I’m a fast reader. That’s not boasting. That’s a fact. I kept stats for 2014 and I average one book or 342 pages every three days. (Yes, stats. Like a sport. Competitive reading.)
But those stats hide a lot of variation. I can read a 350-page book in several hours. It can also take me several weeks. The later has been the case with “Death and the Dervish” by Mesa Selimovic. 453 pages long; three weeks and counting.
It’s not that it isn’t a good book. It’s extraordinarily. But it’s not a fast read. It largely consists fat chunks of exposition, a beautiful and heartbreaking expose of the narrator’s internal turmoil. Said narrator, faced for the first time in his life with the kind of drama books are normally composed of, responds with crippling indecision, half-measures and the overwhelming feeling it’s all going wrong.
It is not a story of heroes or anti-heroes who solve the case, save the girl and go out with a bang. It’s about doubts and fears. It is about a man who thought he understood the world who discovers he doesn’t even know himself.
“Neither then nor long after did it occur to me that human thought is an unsteady wave that is stirred and calmed by the capricious winds of fear and desire,” he writes. The introduction calls the subject of the book faintheartedness or moral cowardice but I find it an all-too-honest description of human reaction to life’s unexpected but unavoidable choices.
So, no, it’s not a fast read. It’s a read 3-10 pages and then stop to marinate on them kind of book. And maybe, if you’re lucky, you can fit in another set of 3-10 pages before you just have to stop for the evening and think about what you’ve read. (I have a friend who likens this to “sipping fine wine.”) I can’t move on to a new scene if I haven’t finished savoring the last. And I don’t want to gobble it down. That would be unpleasant.
So I stop reading and hence, three weeks later, I’m still working my way through “Death and the Dervish.” There’s a sequel, “The Fortress,” but after this marathon I don’t think I’m going to attempt it. It’s draining to me, to read so slowly. Reading for me is like binge-watching TV for others — I like doing it in large quantities for hours at a time.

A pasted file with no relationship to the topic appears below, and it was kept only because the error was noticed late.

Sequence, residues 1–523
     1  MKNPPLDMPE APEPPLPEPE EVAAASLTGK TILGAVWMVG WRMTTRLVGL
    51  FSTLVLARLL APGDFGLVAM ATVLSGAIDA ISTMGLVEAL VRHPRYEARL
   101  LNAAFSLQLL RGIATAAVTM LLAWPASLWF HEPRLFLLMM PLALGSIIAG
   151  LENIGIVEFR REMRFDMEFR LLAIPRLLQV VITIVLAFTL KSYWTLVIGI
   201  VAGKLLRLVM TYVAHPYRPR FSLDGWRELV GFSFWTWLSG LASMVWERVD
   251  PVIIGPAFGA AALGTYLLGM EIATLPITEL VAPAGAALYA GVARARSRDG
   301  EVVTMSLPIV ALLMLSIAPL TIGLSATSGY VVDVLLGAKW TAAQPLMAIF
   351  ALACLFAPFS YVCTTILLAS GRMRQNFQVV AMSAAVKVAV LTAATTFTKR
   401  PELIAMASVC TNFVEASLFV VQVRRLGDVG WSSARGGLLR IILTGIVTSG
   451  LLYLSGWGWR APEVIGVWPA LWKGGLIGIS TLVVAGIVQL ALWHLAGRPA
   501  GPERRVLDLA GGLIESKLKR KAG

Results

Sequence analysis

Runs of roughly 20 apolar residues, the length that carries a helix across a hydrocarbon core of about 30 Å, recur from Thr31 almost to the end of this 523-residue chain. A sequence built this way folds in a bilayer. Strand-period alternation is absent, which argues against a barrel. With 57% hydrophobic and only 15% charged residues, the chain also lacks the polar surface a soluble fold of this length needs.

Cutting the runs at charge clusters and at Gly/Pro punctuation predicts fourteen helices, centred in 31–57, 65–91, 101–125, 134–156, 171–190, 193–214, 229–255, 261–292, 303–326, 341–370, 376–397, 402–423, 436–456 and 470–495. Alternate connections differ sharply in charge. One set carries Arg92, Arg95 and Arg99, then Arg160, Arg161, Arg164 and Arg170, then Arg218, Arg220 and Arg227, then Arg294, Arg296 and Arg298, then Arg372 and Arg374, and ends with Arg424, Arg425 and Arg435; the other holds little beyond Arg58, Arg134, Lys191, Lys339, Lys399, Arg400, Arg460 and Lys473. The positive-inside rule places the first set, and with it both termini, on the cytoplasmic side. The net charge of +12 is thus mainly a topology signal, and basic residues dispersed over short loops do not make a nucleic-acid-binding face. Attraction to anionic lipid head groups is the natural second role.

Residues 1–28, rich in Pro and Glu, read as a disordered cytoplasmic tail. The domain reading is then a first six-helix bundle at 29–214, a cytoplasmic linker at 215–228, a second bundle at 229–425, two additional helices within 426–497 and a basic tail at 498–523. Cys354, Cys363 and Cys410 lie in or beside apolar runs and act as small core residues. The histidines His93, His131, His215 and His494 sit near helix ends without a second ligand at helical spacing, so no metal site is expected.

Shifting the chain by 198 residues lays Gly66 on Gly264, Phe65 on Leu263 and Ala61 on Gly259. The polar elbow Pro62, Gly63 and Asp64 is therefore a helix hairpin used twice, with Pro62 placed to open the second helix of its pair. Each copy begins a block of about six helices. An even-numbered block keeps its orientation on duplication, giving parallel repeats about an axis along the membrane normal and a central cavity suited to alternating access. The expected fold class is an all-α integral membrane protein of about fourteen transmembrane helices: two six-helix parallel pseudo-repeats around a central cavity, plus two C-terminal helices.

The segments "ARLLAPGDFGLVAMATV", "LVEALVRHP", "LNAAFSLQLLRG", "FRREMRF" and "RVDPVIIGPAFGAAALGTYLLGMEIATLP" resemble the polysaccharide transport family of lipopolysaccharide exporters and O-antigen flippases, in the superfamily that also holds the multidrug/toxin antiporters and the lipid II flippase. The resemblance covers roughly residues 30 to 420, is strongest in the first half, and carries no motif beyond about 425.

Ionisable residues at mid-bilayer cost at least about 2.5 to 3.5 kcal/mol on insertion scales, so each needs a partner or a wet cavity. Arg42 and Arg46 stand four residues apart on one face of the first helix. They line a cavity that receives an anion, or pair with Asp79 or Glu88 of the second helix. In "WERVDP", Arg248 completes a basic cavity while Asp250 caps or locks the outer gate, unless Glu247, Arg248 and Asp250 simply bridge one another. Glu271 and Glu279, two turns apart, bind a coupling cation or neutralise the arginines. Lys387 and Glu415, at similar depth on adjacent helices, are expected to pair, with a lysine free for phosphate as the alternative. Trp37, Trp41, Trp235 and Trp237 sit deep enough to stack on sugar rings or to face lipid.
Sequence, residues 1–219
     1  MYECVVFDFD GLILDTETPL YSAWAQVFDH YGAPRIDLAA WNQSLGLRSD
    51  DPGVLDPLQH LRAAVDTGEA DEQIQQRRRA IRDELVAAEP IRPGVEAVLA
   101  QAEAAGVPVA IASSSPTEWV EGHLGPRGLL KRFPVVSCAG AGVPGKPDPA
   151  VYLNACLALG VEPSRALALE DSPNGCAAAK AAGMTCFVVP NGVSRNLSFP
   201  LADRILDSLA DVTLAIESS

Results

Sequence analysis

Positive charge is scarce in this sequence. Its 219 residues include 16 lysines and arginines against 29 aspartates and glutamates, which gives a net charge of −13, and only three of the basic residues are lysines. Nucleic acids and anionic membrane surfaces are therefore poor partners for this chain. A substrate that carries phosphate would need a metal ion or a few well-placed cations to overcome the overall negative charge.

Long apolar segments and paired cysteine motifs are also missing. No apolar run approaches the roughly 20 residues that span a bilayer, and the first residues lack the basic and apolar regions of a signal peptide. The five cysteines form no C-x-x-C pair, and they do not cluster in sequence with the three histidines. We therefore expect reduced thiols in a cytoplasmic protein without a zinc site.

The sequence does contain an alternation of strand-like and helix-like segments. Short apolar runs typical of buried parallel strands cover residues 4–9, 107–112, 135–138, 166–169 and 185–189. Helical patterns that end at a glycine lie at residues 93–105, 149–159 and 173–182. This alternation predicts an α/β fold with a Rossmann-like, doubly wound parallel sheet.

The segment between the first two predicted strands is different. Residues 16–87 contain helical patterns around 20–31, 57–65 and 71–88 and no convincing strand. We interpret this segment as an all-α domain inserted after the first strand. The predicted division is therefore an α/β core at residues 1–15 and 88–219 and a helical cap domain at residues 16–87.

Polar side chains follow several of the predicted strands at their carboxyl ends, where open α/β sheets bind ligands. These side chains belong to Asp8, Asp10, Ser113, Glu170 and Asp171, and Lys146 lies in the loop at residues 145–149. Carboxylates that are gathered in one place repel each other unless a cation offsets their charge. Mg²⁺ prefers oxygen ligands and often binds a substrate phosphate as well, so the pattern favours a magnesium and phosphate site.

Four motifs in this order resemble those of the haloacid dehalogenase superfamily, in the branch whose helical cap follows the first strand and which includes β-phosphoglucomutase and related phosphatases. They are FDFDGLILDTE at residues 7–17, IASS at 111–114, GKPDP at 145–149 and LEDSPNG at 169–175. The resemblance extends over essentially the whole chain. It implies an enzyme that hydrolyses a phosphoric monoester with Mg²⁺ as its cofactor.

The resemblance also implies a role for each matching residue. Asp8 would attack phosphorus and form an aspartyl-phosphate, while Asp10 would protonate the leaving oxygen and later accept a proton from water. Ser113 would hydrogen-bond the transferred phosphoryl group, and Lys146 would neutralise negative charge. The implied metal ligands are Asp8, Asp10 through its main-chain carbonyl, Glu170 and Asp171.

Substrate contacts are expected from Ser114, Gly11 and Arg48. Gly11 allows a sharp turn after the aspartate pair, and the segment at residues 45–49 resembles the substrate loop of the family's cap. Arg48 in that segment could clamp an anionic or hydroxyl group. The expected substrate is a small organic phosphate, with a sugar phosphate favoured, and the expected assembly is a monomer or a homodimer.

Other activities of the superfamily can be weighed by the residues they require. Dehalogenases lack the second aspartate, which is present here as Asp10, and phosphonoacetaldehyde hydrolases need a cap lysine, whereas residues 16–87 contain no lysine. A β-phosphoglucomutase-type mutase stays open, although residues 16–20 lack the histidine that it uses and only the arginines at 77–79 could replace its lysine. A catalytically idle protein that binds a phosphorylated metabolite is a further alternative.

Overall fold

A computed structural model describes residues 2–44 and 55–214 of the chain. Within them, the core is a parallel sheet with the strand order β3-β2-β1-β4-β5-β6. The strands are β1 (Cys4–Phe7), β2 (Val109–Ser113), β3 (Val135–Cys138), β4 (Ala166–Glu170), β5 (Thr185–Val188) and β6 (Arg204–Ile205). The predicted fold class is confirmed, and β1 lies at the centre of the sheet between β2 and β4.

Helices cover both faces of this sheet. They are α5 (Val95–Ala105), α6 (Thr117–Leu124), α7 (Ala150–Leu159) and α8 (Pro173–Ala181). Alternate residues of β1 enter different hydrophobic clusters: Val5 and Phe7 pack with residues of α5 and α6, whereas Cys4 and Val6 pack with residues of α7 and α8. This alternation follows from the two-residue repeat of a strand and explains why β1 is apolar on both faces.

I don’t want to give up like the person who owned the book before me. They only made it halfway and left me a unicorn bookmark in the process. But I’m beginning to despair of ever finishing it. Sometimes it’s easier to watch six hours of “Marvel’s Agents of SHIELD” than two hours of a Criterion movie.
Simply put, it’s hard for me to read so little. After the 20-or-so pages of “Death and the Dervish” a day, I still want to be reading, I just can’t read anymore “Death and the Dervish.” And so in the last three weeks, I have started and finished at five books during breaks from “Death and the Dervish”:
“The Heir” by Kiera Cass — The fourth book of the three part Selection Series, the “Bachelorette” version to their “Bachelor.” Enjoyable, with a gorgeous cover as always.
“Eugenie Grandet” by Honore de Balzac — One of those depressing classics featuring a saintly maiden and a roguish love (sadly un-salacious), best quote: “And Eugenie was to learn everything about womanhood except its consolations.”
“I Was Told There’d Be Cake” by Sloane Crosley — A selection of humorous essays.
“A Natural History of Dragons” by Marie Brennan — A fantasy novel taking the form of a Victorian memoir by the irrepressible Isabella, Lady Trent.
“The Necessary Death of Lewis Winter” by Malcolm Mackay — Glasgow crime thriller with a distinctive voice, as advertised.
Each book, however enjoyable and necessary for my reading diet, takes me further and further away from ever finishing “Death and the Dervish.” How to keep up the excitement three weeks in? It’s beginning to look more and more like I won’t be finishing this book.
And that’s okay. Because reading speed and the probability of finishing has nothing to do with the quality of the book or the quality of the reader. Maybe instead of a slow burn this is a slow burnout. And maybe there should be no shame attached to not finishing every book you started. I even have a separate category in my stats for that.